Were Allies Justified to Bomb Dresden?
The Slaughter-House Five is a satirical novel written by Kurt Vonnegut. The novel highlights the experiences and journeys of Bill Pilgrim during World War II. According to the novel, Bill is a disoriented and ill-trained American soldier. Germans capture Pilgrim and put him and his fellow prisoners into a disused slaughterhouse, commonly referred to as slaughterhouse number 5. Dresden is bombed, and both Germans and the POWS hide in a cellar for safety. Billy is later kidnapped by individuals Tralfamadore who teach him unique theories, which he accepts. He later faces many tragedies before his death. Notably, many arguments concerning the justification behind the bombing of Dresden abound. It was justifiable bombing Dresden because it was a strong base for German operations: it offered effective transportation and reinforcement to German troops, and it was a strong communication center for German troops. On the other hand, Vonnegut considers this a high profile crime against humanity and therefore, not justified.
Dresden was a strong base for the Germans, and it was a justifiable bombing to weaken the German troop further.
Justifications for the Bombing of Dresden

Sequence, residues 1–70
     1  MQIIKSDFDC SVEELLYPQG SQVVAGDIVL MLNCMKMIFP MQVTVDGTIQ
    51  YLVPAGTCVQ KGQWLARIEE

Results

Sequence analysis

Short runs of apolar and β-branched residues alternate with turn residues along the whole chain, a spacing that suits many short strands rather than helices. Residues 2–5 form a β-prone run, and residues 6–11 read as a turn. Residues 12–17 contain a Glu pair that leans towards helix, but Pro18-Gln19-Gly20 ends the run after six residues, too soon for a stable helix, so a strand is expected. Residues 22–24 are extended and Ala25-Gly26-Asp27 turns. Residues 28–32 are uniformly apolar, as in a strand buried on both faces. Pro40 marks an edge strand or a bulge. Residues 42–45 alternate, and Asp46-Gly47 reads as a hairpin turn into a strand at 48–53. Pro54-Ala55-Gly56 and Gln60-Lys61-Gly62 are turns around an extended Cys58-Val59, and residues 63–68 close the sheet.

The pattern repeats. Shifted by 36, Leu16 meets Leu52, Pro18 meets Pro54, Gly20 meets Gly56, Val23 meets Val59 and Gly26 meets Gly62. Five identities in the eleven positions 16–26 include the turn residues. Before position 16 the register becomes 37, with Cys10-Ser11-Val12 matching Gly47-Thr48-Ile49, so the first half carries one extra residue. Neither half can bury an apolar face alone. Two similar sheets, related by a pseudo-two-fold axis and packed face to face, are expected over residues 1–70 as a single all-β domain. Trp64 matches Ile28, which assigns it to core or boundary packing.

First, it was justifiable to bomb Dresden because it served as a very strong base for German troops operations against Marshal Koniev's left flank as he approached Germany. It is vital to note that, "German troops perceived Dresden a strategic point that could assist them resist any form of attack from Allies" (Vonnegut 54). Dresden supported the resistance of German soldiers against attacks from Allies who were advancing into Germany at an alarming rate. In fact, Dresden served as a home for the captured Allies such as Pilgrim. Most captured Allies were locked up in Dresden hence hindering the efforts of Allies in the war. The utilization of Dresden as a prison for captured Allies justifies further, why it was vital to bring Dresden down through bombing. The bombing was justified because Allies were only trying to guarantee for their safety and ensure they emerge victorious in the war. The dream of every army is always to emerge victorious in any given war. This implies that the bombing of Dresden was justifiable as it showed the might of Allies when it came to wars. It showed they could respond to any form of resistance from the opposing army. Dresden was to be cleared to weaken German soldiers who were utilizing it effectively as a base to counter and capture Allies. It was vital for Allies to bomb the place for once and end the war as a victorious army. This is the essence of a war. There must be a winner and a loser. Therefore, Allies were justified to bomb Dresden to emerge victorious and at the same time interrupt the domination of German troops in this place. The bombing of Dresden was the only easiest way of answering the stubborn German soldiers who utilized the place to attack and capture Allies.